Virus variants ‘increase the need’ to fund vaccines
Melbourne — A plan to end the Covid-19 pandemic by speeding up immunisations could be financed through a record asset allocation via the IMF, according to the Rockefeller Foundation.
The IMF should approve and swiftly distribute $650bn in additional reserve assets to help developing economies vaccinate as much as 70% of their populations by the end of next year, the Rockefeller Foundation said in a report on Monday.
Delaying immunisations raises the likelihood new variants will emerge that could cause “rolling outbreaks resulting in further economic shutdowns”, according to the 22-page report, whose contributors include former UK prime minister Gordon Brown and Jeffrey Sachs, a professor of economics at Columbia University in New York.
“Vaccine-resistant variants that mutate in one undervaccinated country can quickly spread to one that’s been immunised,” said Rajiv J Shah, president of the New York-based foundation, in the report. “Current vaccination plans and the funding behind them are simply not enough to protect us all.”
The report details ways to leverage a large issuance and reallocation of IMF special drawing rights — an international reserve asset created in 1969 — which can be exchanged for freely-usable currencies. The report calls for wealthier countries to commit to voluntarily reallocating at least $100bn of their unneeded drawing rights to provide further support to the developing world.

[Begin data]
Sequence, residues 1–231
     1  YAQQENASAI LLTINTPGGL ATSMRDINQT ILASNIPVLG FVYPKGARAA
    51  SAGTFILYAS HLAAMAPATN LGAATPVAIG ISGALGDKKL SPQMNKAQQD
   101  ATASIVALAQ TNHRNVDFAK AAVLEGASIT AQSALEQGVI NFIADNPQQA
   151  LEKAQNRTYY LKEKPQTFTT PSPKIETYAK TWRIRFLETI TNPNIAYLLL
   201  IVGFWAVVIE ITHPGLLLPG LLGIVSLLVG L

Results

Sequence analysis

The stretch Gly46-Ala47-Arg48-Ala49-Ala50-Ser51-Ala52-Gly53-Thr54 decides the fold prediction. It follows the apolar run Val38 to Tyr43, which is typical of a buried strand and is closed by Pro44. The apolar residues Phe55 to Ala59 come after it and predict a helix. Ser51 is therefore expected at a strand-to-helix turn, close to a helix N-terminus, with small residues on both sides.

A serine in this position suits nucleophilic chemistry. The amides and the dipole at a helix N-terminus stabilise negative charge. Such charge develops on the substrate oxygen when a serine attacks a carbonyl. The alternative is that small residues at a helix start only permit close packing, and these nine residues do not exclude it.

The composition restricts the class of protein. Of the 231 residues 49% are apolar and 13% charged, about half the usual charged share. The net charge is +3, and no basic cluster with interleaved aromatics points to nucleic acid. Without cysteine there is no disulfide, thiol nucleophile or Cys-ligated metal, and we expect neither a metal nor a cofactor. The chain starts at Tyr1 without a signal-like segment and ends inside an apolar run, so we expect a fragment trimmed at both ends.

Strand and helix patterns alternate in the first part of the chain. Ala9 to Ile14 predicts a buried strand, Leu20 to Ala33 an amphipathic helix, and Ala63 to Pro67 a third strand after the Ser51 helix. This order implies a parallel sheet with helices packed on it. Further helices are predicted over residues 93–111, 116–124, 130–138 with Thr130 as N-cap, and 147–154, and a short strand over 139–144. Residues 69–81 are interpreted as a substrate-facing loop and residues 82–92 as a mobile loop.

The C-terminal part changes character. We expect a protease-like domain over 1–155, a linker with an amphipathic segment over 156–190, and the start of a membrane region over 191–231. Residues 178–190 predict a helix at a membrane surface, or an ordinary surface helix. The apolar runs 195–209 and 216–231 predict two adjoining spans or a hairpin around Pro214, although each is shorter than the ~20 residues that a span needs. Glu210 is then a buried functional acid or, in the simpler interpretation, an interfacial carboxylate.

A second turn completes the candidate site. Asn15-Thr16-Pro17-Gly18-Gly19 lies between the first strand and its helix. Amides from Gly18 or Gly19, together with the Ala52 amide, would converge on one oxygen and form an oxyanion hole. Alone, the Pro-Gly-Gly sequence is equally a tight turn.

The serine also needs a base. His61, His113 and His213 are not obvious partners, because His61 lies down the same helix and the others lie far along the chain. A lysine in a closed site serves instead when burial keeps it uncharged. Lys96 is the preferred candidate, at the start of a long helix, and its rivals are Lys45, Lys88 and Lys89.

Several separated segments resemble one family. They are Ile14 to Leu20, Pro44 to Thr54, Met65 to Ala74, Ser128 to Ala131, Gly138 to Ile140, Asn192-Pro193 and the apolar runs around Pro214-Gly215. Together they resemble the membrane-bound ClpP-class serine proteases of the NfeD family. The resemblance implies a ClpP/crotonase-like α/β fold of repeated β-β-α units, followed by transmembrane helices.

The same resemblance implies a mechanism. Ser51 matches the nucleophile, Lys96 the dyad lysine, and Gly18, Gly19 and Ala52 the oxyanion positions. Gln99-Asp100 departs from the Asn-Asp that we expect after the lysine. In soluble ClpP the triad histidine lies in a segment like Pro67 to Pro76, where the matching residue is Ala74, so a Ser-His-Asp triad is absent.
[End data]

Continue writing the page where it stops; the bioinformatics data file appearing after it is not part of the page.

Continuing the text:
If approved, the new allocation would add a substantial, direct liquidity boost to countries without swelling debt burdens, IMF MD Kristalina Georgieva said last month. A formal proposal is to be presented to the IMF board in June.
Financing from the World Bank, the IMF and regional development banks, including mobilised private capital, needs to increase by $400bn to $500bn a year as the world recovers from the pandemic to help assure a broad and sustainable rebound in emerging and developing countries, according to the report.
If the virus is allowed to spread in countries with low vaccination rates, it is likelier to mutate and generate variants that could bypass protection from inoculations, the report said. As a result, even countries with high vaccination rates would be vulnerable.
The world is four to six times more likely to get a new variant from an undervaccinated country that is not a member of the Organisation for Economic Cooperation and Development than from a fully protected OECD country, it said.
For every $1 spent on supplying poorer countries with vaccines, high-income countries would get back about $4.80, Rand Corp said in a research brief last year.
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